Leaving Well – When a bad day gives back more than it takes

Leaving Well – When a bad day gives back more than it takes

We moved from China to Germany this summer. Such a simple sentence. But it wasn’t simple.

In Beijing we were in the very fortunate position to have a comfortable assignment package, including complete moving services. Packing up and shipping, temporary housing, the works. No complaints. But the devil is in the detail.

After a fabulous summer holiday in Malaysia we returned to Beijing to pack up our house for the move to Germany. As is often the case, my husband had to travel ahead to get things settled at work and sort out other details. To support me and the kids during what would be a busy time, my Dad scheduled his last trip to Beijing to be with us during the packing out. He’s always been a huge help and is one of our greatest supporters. But this time it didn’t work out that way.

Grandpa had been having trouble with his back for weeks leading up to his trip but figured it would sort itself out soon enough – it always had in the past. It didn’t. I collected my pain riddled Dad at the airport and it quickly became clear this wasn’t going away anytime soon. I felt awful for him. We added trips to Chinese doctors for acupuncture and moxibustion to the sorting and packing and last-visit-to… Usually with three kids in tow during a hot Beijing summer. But there was no improvement.

On the first day of packing, everyone was at the house, watching the movers dismantle our life. It’s always a day of excitement and lots of nervous energy. A long day of supervising but not actually doing much. The kids were brilliant. The movers gave them full access to all packing materials and they made the most of it! Grandpa spent the day on the couch (thankfully it was staying behind), trying not to be too miserable. OMG I felt bad for him. The day passed in a blur of paper, cardboard, and tape. But it wasn’t over yet.

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After the movers left for the day – with our beds packed up – we still had to move to our temporary accommodation. Downtown Beijing. We chose an apartment in the city because we wanted to experience a bit more of Beijing city life in our last weeks – and we did. But tonight it felt like a very bad decision.

We loaded up what we could and I drove us to the city. After registering (a process worthy of it’s own blog), everyone helped unload our stuff, carry it down the looooong hallway to the elevator, take the small elevator to the 8th floor in turns, and move it into the apartment. We had arrived in our home for the next four weeks. But we hadn’t, not really – there were still piles of things left at the house.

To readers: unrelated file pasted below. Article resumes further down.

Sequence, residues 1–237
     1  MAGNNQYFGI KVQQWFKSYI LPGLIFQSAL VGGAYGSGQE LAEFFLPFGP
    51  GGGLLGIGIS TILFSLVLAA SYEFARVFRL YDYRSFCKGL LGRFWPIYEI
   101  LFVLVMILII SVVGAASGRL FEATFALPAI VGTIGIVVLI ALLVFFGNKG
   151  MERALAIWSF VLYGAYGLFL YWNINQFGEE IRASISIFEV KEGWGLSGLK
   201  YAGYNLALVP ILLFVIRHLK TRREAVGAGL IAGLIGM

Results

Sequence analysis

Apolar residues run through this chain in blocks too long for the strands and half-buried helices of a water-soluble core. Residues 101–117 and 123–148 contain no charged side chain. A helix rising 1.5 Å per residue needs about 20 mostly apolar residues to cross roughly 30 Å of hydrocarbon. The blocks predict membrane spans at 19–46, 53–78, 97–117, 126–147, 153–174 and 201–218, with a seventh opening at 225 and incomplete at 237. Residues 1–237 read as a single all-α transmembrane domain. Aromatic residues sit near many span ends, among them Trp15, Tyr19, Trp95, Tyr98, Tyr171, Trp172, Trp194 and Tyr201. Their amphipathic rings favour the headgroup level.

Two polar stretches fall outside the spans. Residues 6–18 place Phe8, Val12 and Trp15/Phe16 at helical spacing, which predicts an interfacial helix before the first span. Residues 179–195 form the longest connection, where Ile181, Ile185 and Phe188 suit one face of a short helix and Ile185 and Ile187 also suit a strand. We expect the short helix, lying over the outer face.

Leaving Gramps to find a somewhat comfortable spot to rest, the kids and I headed down to street level in search of dinner. Luckily this isn’t a problem in Beijing and we were soon tucking in to jianbing and dumplings. We packed up enough for Grandpa’s dinner and returned to put everyone to bed. But not me.

Once things were quiet, I drove back to the house to get the rest of our stuff. Suitcases, birthday party preparations, all the perishables & food, farewell gifts for friends, I’m not even sure what all was there. Multiple trips from house to car and back. Returned to the city. Unpacked alone. Long hallway. Small elevator. Into the apartment quietly. Back down for more stuff. The night guard watching me all the time. But did he offer to help?

It was a long, hot, exhausting day. I was bone tired, sore, emotionally wrung out, worried about my Dad, resentful of my husband and angry at the guard. And then I caught sight of my Wild Woman bracelet. A symbol of strength and sisterhood and a reminder that I was strong and had the resilience and resources to get through – relatively speaking – small thing. In that moment my attitude shifted – I felt proud of what I had accomplished that day, excited about the next weeks in downtown Beijing and what our future in Germany would be like. My Dad would get better. My husband wasn’t on a holiday, he was working for our future, too. And we had the most amazing children that had also been through a tough day and had shown just how creative and resilient they were. A bit of perspective can work wonders for attitude.

We have all survived 100% of our worst days. Remind yourself of that when you’re feeling overwhelmed. Take a deep breath, rest, take care of yourself and celebrate your success. You are strong.

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